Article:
Use this devo as you are able, in whole or in part. Don’t feel compelled to read it all. Simply read and meditate upon whatever catches your attention. The goal is enjoying time with God through His Word and in prayer. Questions about the devotional elements?

Call to Prayer

“The LORD is close to the brokenhearted and saves those who are crushed in spirit.” (Ps. 34:18)

Prayer of Confession

Suffering Savior, thank you for the confidence I have to come to you when I stumble in sin. You’re not shocked by my sin, and you don’t turn away from me because of my weakness. You know the lure of sin because you were tempted in all things, so you can help me in my struggle against sin. I turn to you, compassionate Savior: help me today. Amen. (Prayer based on the Belgic Confession, Questions 26)

*Prayer borrowed from Philip Reinders’ Seeking God’s Face: Praying with the Bible through the Year

Lent Devo: Backyard Pilgrim

Throughout Lent this year we will follow along over the next 40 days with quotes from Backyard Pilgrim by Matt Canlis which gives us a daily Bible Path (the story of God’s redemption) and Parish Path (a literal path through town where you can walk and ponder what God has shown you through his Word).

Day 8: Platypus | Read: Genesis 2:19

If God is capable of making the universe, isn’t he capable of naming the animals? As if putting human children in charge of Eden wasn’t enough, now God is giving Adam the freedom to name the animals—whatever he wants!

Picture Adam newly created, new to the game, trying to name the animals when an egg-laying, duck-billed, beaver-tailed, otter-footed mammal passes in front of Adam. We might assume Adam could fail, botch the name, or disappoint. But verse 19 portrays God eagerly waiting “to see what Adam would name them; and whatever the man called each living creature, that was its name.’

God wasn’t just looking for suggestions; he was actively inviting Adam’s creativity. Are you surprised at the freedom God gives his children, the freedom both to join in the creative process, and to soon fail miserably? Many parents struggle to give their children the freedom to even name one pet! But God is a different kind of parent. 

We underestimate the playfulness of this passage, the sheer joy Adam took in naming the animals, and the sheer delight God took in watching him do it.

Here i am…naming the animals


We are starting to see why, in the beginning, God did not build a factory with clock-like precision or perfect gears. God planted a garden. And God didn’t make robots. God wanted children, not slaves.

God conceived of, hovered over, stocked a nursery for and breathed his Spirit into…children, children with surprising freedom. It meant having a few animals with strange names, having to teach beginners how to garden, and having to rescue them from deadly fruit. But having children was worth it. For God, once again, the pleasure outweighed the pain.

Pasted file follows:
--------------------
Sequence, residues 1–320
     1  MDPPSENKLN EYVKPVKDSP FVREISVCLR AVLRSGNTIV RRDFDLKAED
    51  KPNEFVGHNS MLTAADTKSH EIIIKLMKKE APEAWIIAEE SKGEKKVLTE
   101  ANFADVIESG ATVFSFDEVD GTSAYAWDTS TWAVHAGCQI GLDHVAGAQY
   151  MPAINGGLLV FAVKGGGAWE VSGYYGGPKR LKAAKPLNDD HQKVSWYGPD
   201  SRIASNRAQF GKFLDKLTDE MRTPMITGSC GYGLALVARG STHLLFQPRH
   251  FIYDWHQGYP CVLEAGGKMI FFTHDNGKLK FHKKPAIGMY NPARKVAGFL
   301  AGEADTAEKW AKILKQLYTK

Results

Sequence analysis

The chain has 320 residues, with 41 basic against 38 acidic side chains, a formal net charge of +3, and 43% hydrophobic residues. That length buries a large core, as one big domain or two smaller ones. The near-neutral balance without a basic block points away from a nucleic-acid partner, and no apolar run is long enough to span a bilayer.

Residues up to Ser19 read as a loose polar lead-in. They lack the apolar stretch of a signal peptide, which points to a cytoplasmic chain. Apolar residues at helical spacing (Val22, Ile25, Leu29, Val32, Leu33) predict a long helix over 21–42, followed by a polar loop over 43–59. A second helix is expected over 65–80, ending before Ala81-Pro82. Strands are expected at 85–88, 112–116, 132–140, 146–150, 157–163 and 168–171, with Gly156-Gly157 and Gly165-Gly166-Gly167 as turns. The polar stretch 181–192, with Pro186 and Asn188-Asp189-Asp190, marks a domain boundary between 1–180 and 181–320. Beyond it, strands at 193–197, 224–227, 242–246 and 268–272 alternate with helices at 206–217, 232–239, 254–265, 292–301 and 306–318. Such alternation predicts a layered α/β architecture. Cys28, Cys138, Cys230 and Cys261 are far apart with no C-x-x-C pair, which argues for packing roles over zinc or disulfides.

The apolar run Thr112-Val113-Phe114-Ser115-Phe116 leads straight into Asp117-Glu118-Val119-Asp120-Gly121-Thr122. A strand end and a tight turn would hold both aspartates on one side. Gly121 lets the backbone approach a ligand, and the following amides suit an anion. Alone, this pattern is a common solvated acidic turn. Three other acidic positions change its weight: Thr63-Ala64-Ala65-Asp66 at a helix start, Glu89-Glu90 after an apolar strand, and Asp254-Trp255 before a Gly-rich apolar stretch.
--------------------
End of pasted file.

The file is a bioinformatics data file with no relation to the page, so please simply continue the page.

Today, practice being Adam, walking with God in the cool of the day when the world was young. As you walk, name something. It could be a tree, an animal, or a familiar place that is winning its place in your heart. 

Sermon Devo

We are in our Winter series through the book of James. Each day we will dig into a different aspect of this New Testament wisdom book which will, by the end of the week, help to give you a fuller portrait of the kind of lives we are called to live as Christians.  

Read: James 3:1-12

Our tongues are terribly inconsistent, James tells us. They can’t make up their minds. Are they formed by God for his praise, or for cussing out the person who hassled us under our breathes? 

James gives us a picture from God’s good creation: a spring that people draw water out of to sustain daily life. If you live in the city (I do), then you are several steps separated from the source of your water. But if you ever happen to wander across a spring while out hiking, you’ll notice that they do not come with fixtures for turning them from hot to cold, or from mineral to reverse osmosis. Springs are what they are.

James gives us another image for the same reality: olive trees and fig trees. If you plant an olive tree, it’s likely because you’re hoping to enjoy some olives. Though if you’ve planted a classic olive tree, don’t expect to have a steady harvest anytime soon! The slow-growing trees take 65 to 80 years to reach stable yields! But imagine your great-grandchildren anticipating eating olives and getting figs instead!

But human beings, James says, have the remarkable capacity for growing mixed fruit and springing forth with surprisingly salty speech. 

It’s not simply a matter of doing the wrong thing, though. James is telling us that “it should not be so” because Christians are supposed to have God’s word growing up inside us, changing us more and more into the likeness of Jesus, our elder brother. 

REFLECT: What does your speech reveal about what is growing up inside of you?

Evening Prayer of Examen

  • Where did you move with or feel close to Jesus today?
  • Where did you resist or feel far from Jesus today?
  • Where is Jesus leading you tomorrow? Ask for joy as you follow him.


“God demonstrates his own love for us in this: While we were still sinners, Christ died for us.” (Rom. 5:8)